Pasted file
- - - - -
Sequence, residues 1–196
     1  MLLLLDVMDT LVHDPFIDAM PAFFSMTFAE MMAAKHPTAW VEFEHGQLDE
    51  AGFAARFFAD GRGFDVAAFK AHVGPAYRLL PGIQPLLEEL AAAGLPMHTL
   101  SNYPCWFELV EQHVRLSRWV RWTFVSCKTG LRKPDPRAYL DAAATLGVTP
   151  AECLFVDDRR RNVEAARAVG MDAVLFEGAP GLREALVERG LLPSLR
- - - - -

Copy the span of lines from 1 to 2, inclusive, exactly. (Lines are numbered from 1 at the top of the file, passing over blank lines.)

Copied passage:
Sequence, residues 1–196
     1  MLLLLDVMDT LVHDPFIDAM PAFFSMTFAE MMAAKHPTAW VEFEHGQLDE